The U.S. Marine Corps is the nation’s second-oldest combat aviation component, celebrating its 100th year of flight in 2012, one year after the U.S. Navy’s centennial of flight. And while the Corps relies heavily on the other services – especially the Army and Navy – to develop and produce much of the equipment it then adopts and adapts to meet its own special requirements, the Marine history of pushing the aviation envelope is nearly as old as Marine Corps aviation itself.
The Corps was at the forefront of developing carrier-based fixed- and rotary-winged flight, of creating tactics, techniques, and procedures (TTPs) for helicopter use in combat and the concept of operations (CONOPs) for nearly all applications the military has found for vertical flight. It took the innovative British Harrier jump jet, the first true military short takeoff/vertical landing (STOVL) aircraft, and pioneered STOVL fighter jet operations on land and sea, later working with American developer McDonnell Douglas (later Boeing) to overcome considerable technical and political opposition to develop a second-generation Harrier and turn it into a major success.
It was largely the same story a couple of decades later with the MV-22 Osprey tilt-rotor, and continues today with the F-35B STOVL variant of the Joint Strike Fighter (JSF) and developing cargo unmanned aerial vehicles (C-UAVs) to deliver supplies to far forward warfighters.
Second in command of Marine Corps aviation, as the Corps begins a two-decade-long full replacement of every aircraft in its inventory, is Brig. Gen. Gary L. Thomas, assistant deputy commandant for aviation. The former F/A-18 Hornet fighter pilot recently discussed the status and future of Marine Corps aviation with Defense senior writer J.R. Wilson.
J.R. Wilson: How important is an organic aviation capability – including top-of-the-line fighters – to the Marine Corps’ ability to complete the missions assigned to it?
Brig. Gen. Gary L. Thomas: Much of the firepower we have in the MAGTF [Marine Air-Ground Task Force] comes from our tactical fixed-wing aircraft. That is the underlying premise for having our own organic air.
As a part of joint doctrine, we also support the joint force commander, providing extra sorties and, in addition, interdiction and reconnaissance sorties. So because of the nature of our force, we require the organic capability, but also are an integral part of the joint force.
Why did the Corps decide to hold off on any new aircraft purchases for so long, then essentially replace the entire fleet – rotary- and fixed-wing – within the same 20-year time frame?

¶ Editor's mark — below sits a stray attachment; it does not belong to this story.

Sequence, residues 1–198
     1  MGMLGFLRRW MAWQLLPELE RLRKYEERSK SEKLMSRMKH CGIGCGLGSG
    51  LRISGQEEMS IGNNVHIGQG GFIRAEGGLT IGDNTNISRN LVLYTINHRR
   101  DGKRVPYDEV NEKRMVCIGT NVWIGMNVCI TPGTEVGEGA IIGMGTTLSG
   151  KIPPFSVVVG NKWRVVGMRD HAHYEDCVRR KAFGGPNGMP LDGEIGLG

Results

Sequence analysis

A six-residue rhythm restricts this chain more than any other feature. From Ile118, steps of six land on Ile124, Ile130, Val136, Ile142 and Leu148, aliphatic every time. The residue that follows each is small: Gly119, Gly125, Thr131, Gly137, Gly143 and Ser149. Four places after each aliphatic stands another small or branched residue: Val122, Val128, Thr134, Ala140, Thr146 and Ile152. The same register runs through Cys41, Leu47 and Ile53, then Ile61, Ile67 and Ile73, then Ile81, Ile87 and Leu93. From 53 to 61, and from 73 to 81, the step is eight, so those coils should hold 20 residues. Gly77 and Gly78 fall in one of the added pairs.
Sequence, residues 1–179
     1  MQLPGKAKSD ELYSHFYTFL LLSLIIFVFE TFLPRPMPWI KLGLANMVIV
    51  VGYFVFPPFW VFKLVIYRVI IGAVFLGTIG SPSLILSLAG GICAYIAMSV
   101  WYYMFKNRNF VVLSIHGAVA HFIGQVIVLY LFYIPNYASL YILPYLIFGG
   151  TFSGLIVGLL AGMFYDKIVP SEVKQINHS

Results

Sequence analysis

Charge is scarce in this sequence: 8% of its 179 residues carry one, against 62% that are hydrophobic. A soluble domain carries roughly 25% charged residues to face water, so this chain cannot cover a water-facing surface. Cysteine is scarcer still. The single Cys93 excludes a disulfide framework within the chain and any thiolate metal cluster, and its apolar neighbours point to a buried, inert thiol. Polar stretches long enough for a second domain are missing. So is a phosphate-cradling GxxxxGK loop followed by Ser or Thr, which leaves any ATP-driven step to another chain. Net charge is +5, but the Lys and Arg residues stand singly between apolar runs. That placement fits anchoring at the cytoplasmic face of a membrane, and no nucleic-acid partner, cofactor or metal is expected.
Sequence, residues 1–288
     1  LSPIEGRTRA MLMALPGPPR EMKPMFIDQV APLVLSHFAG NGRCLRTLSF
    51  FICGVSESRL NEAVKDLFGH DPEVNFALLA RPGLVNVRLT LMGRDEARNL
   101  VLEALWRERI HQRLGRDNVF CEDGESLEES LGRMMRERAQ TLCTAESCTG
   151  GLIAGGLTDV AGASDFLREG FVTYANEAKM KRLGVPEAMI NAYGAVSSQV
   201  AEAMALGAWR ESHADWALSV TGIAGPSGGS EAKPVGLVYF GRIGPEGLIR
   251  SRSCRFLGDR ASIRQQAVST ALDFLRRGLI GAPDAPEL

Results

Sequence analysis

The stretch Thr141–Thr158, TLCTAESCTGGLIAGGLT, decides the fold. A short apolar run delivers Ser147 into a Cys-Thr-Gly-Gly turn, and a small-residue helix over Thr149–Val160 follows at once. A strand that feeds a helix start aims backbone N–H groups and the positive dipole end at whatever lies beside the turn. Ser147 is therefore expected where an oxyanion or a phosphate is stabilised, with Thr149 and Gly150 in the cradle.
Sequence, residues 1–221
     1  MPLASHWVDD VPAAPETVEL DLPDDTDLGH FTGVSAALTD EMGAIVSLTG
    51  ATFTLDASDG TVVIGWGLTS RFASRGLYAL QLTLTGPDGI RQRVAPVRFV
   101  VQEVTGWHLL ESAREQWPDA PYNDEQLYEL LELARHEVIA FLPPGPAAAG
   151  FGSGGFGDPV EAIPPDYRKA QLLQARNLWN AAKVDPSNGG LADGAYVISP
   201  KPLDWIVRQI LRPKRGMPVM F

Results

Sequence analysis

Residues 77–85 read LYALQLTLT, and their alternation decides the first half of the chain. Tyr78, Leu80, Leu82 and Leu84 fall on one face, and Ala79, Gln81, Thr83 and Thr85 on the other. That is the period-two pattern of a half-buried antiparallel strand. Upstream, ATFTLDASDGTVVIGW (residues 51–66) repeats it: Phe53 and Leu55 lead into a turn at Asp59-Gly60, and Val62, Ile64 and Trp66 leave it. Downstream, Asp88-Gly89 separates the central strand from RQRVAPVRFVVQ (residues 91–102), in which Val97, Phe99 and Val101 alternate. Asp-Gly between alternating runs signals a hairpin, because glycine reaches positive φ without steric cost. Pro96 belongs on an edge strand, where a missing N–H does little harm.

The primary driver in terms of replacing legacy systems is the service life of the aircraft. Sometimes you have a drop-dead date, at which [time] the aircraft literally cannot be flown any further.
In terms of replacing all assets within a 10- to 20-year period, while we are in the middle of our transition to the Osprey and Zulu [AH-1Z Viper] and soon the new TACAIR [tactical air agreement with the Navy] – and those do butt up against one another – we’re really not replacing everything at the same time, but across a decade or more. And that’s common across all the services.
What requirements – both current and future – are driving the choice of replacement aircraft?
On fixed-wing first, the JSF gives us three major capabilities.
First is stealth, which gives you access and is going to become more and more a requirement as more SAMs [surface-to-air missiles] have extensive ranges and make it much more difficult for some of our legacy platforms.
Second is STOVL, which gives you basing flexibility, so we can operate at sea and also at expeditionary airfields. We can rapidly build a 3,000-foot [-long] runway, but getting bigger than that takes a lot more time and infrastructure. Basing flexibility is a requirement to be in close proximity to combat operations.
Third is the sensor suite and fusion and the ability to push that out to the MAGTF.
For the MV-22, we needed a replacement for our 40-plus-year-old CH-46s [Sea Knights]. The Osprey gives us additional range and speed and a maneuver advantage on the battlefield. Between the Marine Corps and Air Force, we have completed 14 successful deployments with the MV-22.
In Helmand province, Afghanistan, which is about the size of Tennessee, the MV-22 shrunk that down, operationally, to about the size of Rhode Island. It also performed off the coast of Libya, picking up an F-15 pilot who went down, far exceeding anything we could have done with helicopters due to the distance of the ship from shore. And medium lift is a core MAGTF capability.
For rotor, the required advantages are speed and range as threat systems gain range. That allows us to maintain the relative advantage we enjoy today.